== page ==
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Biography is an enduring popular genre of writing, not least perhaps because of its malleability. It encompasses everything from works of creative literature, morality tales, largely unadorned records of public life gleaned from official records, fantasy writing in the wilder reaches of autobiography, and, with the development of the ‘biography of things’, accounts of how objects have journeyed through time, with their ownership and use changing en route. Within geography (broadly defined), biography has had a distinctive role in that it is much done, but often not by geographers: biographies of explorers and travellers are enduringly popular but rarely written by geographers, while, when geographical are included in biographical collections such as national biographical dictionaries, their biographers and editors are rarely geographers. Meanwhile geographical institutions and publications have proved rather ambivalent about memorialising their own in words and images—unlike their peers in other disciplines. This talk examines what part biography and its cognate practice, portraiture, have played and could play in geography, and particularly in recording and enriching the history of geography. It discusses whether there is a distinctively geographical way of writing biography, the nature of geographical portraiture, and whether geographical biography necessarily includes some normative aspects that reveal diverse views on what geography should be.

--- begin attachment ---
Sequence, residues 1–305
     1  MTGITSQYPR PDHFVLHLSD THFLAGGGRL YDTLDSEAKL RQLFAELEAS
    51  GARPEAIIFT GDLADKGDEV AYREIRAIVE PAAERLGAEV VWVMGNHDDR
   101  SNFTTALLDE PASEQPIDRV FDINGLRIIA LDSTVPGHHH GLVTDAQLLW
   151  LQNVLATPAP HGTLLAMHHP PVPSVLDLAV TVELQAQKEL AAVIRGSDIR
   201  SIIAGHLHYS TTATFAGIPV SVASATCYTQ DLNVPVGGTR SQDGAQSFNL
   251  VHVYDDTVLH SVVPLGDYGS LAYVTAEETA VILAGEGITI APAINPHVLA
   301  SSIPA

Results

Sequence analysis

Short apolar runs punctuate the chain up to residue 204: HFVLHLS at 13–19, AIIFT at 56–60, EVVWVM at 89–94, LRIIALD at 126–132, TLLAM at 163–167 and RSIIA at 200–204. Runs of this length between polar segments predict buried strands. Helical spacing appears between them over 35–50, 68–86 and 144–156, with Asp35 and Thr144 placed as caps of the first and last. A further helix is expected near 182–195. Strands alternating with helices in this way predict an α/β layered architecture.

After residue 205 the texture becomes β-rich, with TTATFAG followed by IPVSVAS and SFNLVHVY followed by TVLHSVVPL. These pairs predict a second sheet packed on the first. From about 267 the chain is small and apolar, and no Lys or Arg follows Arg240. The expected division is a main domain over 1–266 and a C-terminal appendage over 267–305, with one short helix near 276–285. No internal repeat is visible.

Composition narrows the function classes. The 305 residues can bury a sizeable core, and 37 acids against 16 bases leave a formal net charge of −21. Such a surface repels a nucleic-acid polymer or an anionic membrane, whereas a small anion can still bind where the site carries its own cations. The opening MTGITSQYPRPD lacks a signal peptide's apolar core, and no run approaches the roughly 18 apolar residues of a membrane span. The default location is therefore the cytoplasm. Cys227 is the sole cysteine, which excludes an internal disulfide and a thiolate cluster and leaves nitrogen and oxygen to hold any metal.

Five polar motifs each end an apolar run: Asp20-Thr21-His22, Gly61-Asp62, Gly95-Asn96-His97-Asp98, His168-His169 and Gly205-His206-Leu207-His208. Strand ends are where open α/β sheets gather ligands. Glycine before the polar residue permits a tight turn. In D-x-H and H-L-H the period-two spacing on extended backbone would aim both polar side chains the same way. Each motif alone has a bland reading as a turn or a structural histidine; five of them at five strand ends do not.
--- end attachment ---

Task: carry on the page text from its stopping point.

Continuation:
Elizabeth Baigent is Reader in the History of Geography at Oxford and Associate Fellow at the Bodleian Library's Centre for the History of the Book. She has been writing biography and writing about biography for many years, notably as Research Director of the Oxford Dictionary of National Biography and co-editor of Geographers: Biobibliographical Studies.


Please note that registration for this seminar will close 24 hours in advance so that the meeting link can be distributed to registered attendees.


All welcome- this seminar is free to attend, but booking is required.